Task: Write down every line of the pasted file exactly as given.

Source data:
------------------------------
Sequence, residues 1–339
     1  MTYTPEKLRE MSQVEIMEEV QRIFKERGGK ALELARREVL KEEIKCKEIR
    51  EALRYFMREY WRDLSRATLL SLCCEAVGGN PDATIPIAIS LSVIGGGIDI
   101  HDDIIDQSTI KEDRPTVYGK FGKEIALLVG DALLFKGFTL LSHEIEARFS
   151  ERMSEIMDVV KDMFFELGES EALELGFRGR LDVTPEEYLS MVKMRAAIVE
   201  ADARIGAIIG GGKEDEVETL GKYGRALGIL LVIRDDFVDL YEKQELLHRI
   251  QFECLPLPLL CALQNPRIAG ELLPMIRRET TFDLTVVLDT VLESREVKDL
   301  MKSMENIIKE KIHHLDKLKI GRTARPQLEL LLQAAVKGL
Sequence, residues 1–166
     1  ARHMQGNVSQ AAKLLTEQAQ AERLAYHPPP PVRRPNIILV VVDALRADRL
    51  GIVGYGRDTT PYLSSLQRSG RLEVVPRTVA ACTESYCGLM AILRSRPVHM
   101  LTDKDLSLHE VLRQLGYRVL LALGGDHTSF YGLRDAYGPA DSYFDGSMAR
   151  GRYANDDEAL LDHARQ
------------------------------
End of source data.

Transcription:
Sequence, residues 1–339
     1  MTYTPEKLRE MSQVEIMEEV QRIFKERGGK ALELARREVL KEEIKCKEIR
    51  EALRYFMREY WRDLSRATLL SLCCEAVGGN PDATIPIAIS LSVIGGGIDI
   101  HDDIIDQSTI KEDRPTVYGK FGKEIALLVG DALLFKGFTL LSHEIEARFS
   151  ERMSEIMDVV KDMFFELGES EALELGFRGR LDVTPEEYLS MVKMRAAIVE
   201  ADARIGAIIG GGKEDEVETL GKYGRALGIL LVIRDDFVDL YEKQELLHRI
   251  QFECLPLPLL CALQNPRIAG ELLPMIRRET TFDLTVVLDT VLESREVKDL
   301  MKSMENIIKE KIHHLDKLKI GRTARPQLEL LLQAAVKGL
Sequence, residues 1–166
     1  ARHMQGNVSQ AAKLLTEQAQ AERLAYHPPP PVRRPNIILV VVDALRADRL
    51  GIVGYGRDTT PYLSSLQRSG RLEVVPRTVA ACTESYCGLM AILRSRPVHM
   101  LTDKDLSLHE VLRQLGYRVL LALGGDHTSF YGLRDAYGPA DSYFDGSMAR
   151  GRYANDDEAL LDHARQ